It isn’t right that anyone needs to use a foodbank. Sadly many in our city do, with over 2100 emergency food parcels being given out every week in Liverpool. At Feeding Liverpool we continue to campaign to end the root causes of poverty whilst ensuring people have good food at points of crisis.
Last winter we boosted over 7,700 emergency food parcels with fresh fruit and vegetables through the Winter Boost project. This Winter, Feeding Liverpool will once again be teaming up with emergency food providers in Liverpool to boost emergency food parcels with fresh fruit and vegetables, supporting the health of families in a crisis.
Starting from December 2023, we will be partnering with six of our member organisations: St Andrew’s Community Network, South Liverpool Foodbank, Micah Liverpool, New Beginnings Improving Lives CIC,L6 Community Association and The White Chapel Centre to support people in crisis this winter.
Hear from Cheryl and Sikarthmi about the difference The Winter Boost project makes:
Cheryl 51, from Toxteth, is a mother of two and has four grand children. One daughter and granddaughter depend on her. Cheryl had been working as a nurse and began working as a cleaner before the pandemic to fill financial gaps. After some time, the work fizzled out and Cheryl and her family were back to square zero putting them into poverty right at the time when her daughter and granddaughter had no income.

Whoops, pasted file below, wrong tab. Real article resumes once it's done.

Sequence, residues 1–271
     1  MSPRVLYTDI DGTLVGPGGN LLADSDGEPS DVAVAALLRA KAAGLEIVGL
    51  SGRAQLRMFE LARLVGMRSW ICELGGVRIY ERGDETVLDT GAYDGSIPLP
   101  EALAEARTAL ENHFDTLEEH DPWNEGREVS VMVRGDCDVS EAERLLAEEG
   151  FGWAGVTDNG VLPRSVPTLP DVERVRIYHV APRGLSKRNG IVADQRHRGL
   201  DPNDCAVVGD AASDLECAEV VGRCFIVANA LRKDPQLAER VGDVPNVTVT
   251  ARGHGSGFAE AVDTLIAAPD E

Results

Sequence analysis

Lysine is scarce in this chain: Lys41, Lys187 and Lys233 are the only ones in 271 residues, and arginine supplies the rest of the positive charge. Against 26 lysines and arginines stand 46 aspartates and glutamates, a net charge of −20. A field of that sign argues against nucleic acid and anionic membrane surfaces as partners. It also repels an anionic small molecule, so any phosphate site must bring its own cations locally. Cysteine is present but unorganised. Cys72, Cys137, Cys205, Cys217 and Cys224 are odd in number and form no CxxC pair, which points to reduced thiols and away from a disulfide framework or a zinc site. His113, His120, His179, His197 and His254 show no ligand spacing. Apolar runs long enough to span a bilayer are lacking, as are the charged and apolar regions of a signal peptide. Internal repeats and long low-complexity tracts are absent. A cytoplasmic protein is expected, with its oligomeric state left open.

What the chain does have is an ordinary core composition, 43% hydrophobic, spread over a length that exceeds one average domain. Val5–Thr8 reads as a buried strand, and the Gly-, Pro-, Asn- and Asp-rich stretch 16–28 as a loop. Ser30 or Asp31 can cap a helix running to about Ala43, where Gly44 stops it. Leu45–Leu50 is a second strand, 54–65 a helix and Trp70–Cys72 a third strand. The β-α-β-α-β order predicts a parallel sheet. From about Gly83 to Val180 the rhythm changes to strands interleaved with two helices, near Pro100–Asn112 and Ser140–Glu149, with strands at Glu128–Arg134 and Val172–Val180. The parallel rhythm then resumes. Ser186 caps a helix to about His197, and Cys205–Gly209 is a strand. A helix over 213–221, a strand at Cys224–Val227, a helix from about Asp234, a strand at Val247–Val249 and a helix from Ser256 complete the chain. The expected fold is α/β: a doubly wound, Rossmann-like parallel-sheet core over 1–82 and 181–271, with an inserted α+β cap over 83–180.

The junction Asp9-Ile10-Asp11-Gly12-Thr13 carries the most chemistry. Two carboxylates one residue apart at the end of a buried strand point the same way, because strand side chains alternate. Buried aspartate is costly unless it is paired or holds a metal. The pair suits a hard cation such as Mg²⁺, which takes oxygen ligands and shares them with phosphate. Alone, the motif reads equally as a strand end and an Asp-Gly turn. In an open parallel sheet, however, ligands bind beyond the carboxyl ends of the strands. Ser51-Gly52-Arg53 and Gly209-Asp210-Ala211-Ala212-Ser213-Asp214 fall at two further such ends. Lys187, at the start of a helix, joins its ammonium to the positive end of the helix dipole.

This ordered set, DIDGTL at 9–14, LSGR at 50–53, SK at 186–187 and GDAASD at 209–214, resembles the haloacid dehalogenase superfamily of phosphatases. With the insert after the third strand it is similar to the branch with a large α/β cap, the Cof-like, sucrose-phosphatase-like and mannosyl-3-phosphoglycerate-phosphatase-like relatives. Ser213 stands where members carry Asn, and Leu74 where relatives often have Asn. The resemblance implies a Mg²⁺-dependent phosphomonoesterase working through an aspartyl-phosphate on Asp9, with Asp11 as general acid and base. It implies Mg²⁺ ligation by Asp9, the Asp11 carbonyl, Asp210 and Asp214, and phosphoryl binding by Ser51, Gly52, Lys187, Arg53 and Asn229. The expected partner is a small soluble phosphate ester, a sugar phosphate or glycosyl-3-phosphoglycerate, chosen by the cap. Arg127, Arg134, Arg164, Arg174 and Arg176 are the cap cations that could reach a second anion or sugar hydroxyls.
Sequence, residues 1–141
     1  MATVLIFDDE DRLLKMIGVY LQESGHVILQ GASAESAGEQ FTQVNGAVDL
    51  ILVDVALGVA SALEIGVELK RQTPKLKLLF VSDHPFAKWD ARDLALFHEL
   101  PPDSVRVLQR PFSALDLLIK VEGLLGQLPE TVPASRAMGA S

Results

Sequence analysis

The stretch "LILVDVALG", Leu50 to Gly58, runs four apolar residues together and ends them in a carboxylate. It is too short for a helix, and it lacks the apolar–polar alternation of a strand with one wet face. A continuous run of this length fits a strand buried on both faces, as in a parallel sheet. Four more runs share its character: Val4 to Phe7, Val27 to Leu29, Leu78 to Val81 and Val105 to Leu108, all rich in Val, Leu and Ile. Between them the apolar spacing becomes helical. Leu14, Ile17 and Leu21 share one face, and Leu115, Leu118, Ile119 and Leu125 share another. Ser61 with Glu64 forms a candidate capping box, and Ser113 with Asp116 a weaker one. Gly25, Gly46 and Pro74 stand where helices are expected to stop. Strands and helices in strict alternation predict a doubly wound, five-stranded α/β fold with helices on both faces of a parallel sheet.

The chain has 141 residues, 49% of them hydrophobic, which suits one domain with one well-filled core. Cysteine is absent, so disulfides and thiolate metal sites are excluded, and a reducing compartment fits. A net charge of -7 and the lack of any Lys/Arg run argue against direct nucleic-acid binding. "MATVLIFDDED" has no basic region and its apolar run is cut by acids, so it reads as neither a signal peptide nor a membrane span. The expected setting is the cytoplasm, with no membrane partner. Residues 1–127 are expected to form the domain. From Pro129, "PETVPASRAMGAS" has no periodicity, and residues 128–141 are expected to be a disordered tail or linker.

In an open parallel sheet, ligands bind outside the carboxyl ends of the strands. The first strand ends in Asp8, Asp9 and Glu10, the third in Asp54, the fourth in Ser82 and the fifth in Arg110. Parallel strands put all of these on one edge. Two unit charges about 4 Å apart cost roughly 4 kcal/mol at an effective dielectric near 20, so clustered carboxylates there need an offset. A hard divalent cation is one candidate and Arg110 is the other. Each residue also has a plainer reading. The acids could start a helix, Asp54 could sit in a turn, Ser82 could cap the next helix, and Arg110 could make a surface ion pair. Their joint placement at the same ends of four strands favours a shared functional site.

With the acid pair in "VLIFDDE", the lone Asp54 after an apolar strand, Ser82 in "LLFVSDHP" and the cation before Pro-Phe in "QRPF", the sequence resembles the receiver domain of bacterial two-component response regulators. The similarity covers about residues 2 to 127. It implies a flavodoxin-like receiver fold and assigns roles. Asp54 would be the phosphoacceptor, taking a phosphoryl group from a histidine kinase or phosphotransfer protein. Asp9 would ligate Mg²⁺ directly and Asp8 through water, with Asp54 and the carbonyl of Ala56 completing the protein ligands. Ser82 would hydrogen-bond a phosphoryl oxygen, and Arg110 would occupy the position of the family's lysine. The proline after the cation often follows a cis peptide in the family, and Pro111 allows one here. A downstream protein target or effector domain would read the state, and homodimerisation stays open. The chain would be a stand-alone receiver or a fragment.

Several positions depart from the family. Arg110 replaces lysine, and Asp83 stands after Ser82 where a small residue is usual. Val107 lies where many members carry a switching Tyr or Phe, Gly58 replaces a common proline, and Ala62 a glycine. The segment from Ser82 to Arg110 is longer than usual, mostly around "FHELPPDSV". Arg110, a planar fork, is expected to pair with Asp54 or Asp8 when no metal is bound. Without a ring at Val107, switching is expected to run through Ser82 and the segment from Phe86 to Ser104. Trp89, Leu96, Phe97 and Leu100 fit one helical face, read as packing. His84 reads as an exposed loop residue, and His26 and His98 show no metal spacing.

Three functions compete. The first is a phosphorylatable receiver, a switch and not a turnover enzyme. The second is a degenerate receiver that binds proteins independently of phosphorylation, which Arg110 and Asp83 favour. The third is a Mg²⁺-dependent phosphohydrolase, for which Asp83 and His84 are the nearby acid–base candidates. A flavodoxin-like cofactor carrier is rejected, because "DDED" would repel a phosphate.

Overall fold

Cheryl was reluctant to use foodbanks because it’s all tinned food, and she has multiple allergies. She uses her food as medicine. When she relies on tins she get sick really quickly.
Having fresh fruit and veg in their food parcel means Cheryl’s family are eating nutritious food and their immune systems are boosted. Cheryl says: “We need our immunities boosting during this season anyways, even without Covid, its flu season, its cold season, we need a strong system”
After leaving Sri Lanka, Liverpool has been home to Sikarthmi and her five children aged 2, 5, 9, 10 and 15, for the last eight years. Since her husband left, she has struggled financially, and her spousal visa expired. Her and her family’s future feels uncertain.
Her children love the fresh fruit and vegetables they receive at the foodbank. In the evenings they will eat fresh carrots and peppers, dipping them in yoghurt.
Sikarthmi says: “The foodbank feels like a family. It is more than the food I receive, it is a place where I feel loved and accepted, giving me the strength to face the road ahead.”